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Antisemitism and Racism from the Middle Ages to ca. 1800


Admission requirements

BSA norm and a pass for both first year Themacolleges.


Is there any kind of continuity between medieval European prejudices and more modern racism? Were the forms of marginalization and violence against minorities, in particular the Jews, the forerunners of modern equivalents? The question has since long been raised for antisemitism; it is now being explored, with controversies, for racism in general, countering the earlier orthodoxy that there is no such thing as "race" in the Middle Ages (just the religious binary christian-pagan and fluid ethnicities). Besides the longue durée ponderings about continuities and breaks we shall study issues of conjuncture: How does prejudice look when contextualized at the micro, mezzo, and macro levels?

The course connects in obvious fashion with the Kerncollege De grenzen van de macht/The Boundaries of Power’ (sem. I), as Antisemitism involves both “boundary setting” and the tactical or ideological function of accusations for power, either neighbourly or political.

Course objectives

General learning objectives

  • 1) carry out a common assignment;

  • 2) devise and conduct research of limited scope, including:
    a. searching, selecting and ordering relevant literature:
    b. organising and using relatively large amounts of information:
    c. an analysis of a scholarly debate:
    d. placing the research within the context of a scholarly debate.

  • 3) reflect on the primary sources on which the scholarly literature is based;

  • 4) write a problem solving essay and give an oral presentation after the format defined in the first year Themacolleges, including:
    a. using a realistic schedule of work;
    b. formulating a research question and subquestions;
    c. formulating a well-argued conclusion;
    d. giving and receiving feedback;
    e. responding to instructions of the lecturer.

  • 5) participate in discussions during class.

Learning objectives, pertaining to the specialisation

  • 6) The student has knowledge of a specialisation, more specifically of:

  • in the specialisation Medieval History: the medieval origins of European history; in particular of ethnicity, state formation, international trade and shipping, and contacts with the non-European world.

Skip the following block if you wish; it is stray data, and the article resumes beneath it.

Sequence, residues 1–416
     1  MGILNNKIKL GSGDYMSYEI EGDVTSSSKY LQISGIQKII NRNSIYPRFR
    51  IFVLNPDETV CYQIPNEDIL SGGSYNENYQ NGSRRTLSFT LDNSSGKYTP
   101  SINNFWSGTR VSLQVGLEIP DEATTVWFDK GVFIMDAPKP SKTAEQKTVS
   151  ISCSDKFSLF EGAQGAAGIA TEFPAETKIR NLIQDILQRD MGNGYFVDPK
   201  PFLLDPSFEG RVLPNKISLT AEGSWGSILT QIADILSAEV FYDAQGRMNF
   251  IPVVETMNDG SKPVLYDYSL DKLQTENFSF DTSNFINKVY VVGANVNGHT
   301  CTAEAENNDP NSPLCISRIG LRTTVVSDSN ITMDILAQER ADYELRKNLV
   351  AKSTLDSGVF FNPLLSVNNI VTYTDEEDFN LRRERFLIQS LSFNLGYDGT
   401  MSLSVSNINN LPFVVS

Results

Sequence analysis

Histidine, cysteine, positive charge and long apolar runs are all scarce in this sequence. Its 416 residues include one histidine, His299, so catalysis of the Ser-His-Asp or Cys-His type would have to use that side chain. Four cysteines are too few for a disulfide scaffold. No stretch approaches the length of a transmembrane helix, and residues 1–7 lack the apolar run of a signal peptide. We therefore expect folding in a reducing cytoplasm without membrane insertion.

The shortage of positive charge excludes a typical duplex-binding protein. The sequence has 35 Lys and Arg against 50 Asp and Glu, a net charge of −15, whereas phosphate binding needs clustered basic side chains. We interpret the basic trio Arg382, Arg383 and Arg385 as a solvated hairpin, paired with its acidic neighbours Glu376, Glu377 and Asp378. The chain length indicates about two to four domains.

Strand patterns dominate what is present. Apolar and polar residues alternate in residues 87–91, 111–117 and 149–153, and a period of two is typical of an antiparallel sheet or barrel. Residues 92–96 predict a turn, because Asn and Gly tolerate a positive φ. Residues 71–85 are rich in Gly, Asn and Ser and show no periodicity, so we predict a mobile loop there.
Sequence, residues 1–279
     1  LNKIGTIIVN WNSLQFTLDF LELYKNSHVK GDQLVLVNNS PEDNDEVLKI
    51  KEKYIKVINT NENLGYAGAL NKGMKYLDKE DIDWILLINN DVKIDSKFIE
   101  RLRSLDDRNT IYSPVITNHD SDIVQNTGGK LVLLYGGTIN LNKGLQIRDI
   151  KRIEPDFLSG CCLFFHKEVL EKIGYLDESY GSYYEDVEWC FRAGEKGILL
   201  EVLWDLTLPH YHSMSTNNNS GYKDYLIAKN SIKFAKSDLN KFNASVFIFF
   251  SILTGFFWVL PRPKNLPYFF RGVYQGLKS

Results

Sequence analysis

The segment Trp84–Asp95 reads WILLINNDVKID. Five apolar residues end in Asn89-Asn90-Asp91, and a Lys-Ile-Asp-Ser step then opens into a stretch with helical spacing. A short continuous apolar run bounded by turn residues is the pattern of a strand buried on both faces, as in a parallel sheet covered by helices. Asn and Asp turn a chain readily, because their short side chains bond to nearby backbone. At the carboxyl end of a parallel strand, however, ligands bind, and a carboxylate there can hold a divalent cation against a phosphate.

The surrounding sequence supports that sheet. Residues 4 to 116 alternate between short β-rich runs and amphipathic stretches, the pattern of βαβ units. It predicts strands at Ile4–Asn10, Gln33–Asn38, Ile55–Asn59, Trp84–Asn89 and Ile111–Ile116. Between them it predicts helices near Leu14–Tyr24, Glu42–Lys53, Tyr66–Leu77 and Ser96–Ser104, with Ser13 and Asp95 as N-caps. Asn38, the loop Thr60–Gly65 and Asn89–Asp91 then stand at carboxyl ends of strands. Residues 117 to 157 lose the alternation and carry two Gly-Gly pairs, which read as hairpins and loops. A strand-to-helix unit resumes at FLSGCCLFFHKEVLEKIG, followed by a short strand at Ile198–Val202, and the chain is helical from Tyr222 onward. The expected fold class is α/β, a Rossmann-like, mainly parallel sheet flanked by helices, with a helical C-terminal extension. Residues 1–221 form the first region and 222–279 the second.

• in the specialisation General History: the place of European history from 1500 in a worldwide perspective; with a focus on the development and role of political institutions;

  • 7) The student has knowledge and insight in the main concepts, the research methods and techniques of the specialisation, more specifically of the history of Antisemitism

  • in the specialisation of Medieval History: the use of late medieval administrative sources and historiography in relation to the Netherlands in the broad sense; paleography, knowledge of primary sources.

  • in the specialisation General History: the study of primary sources and the context specificity of nationally defined histories.

Learning objectives, pertaining to this specific seminar

  • 8) The student gains knowledge of the history of antisemitism in western and central Europe from the Middle Ages to circa 1800;

  • 9) The student gains an understanding of the major social, cultural, religious and political dimensions of antisemistism;

  • 10) The student practices designing, documenting, and conducting his/her own historical research on a relevant topic that will be based primarily on secondary literature, as well as reports (orally and in writing) on it.


The timetables are available through My Timetable.

Mode of instruction

  • Seminar (attendance required)

This means that students have to attend every session of the course. If you are not able to attend, you are required to notify the teacher beforehand. The teacher will determine if and how the missed session can be compensated by an additional assignment. If specific restrictions apply to a particular course, the teacher will notify the students at the beginning of the semester. If you do not comply with the aforementioned requirements, you will be excluded from the seminar.

Assessment method


  • Seminar paper (5.000-6.000 words based on secondary literature, as state of the field on a sub-topic; does not include cover page, table of contents, bibliography, footnotes)
    learning objectives: 2-4, 7-8

  • Oral Presentation
    learning objectives: 3-4, 7-8

  • Participation
    learning objectives: 1, 5, 8

  • Assignment 1 (report on historiography)
    learning objectives: 6, 9

  • Comment on peer's paper
    learning objectives: 4d


  • Seminar paper: 60%

  • Oral presentation: 10%

  • Comment on peer's paper: 10%

  • Participation: 10%

  • Assignment 1: 10%

The final grade for the course is established by determining the weighted average with the additional requirement that the written paper must always be sufficient.


The written paper can be revised, when marked insufficient. Revision should be carried out within the given deadline, as published in the corresponding Brightspace course.

Inspection and feedback

How and when a final paper review (rewrite) will take place will be disclosed together with the publication of the exam results at the latest. If a student requests a review (rewrite) within 30 days after publication of the final results, a review (rewrite) will have to be organised.

Reading list

To be announced.


Enrolment through uSis is mandatory.

General information about uSis is available in English and Dutch.

Registration Studeren à la carte and Contractonderwijs

Not applicable.


  • For substantive questions, contact the lecturer listed in the right information bar.

  • For questions about enrolment, admission, etc, contact the Education Administration Office: Huizinga.


Not applicable.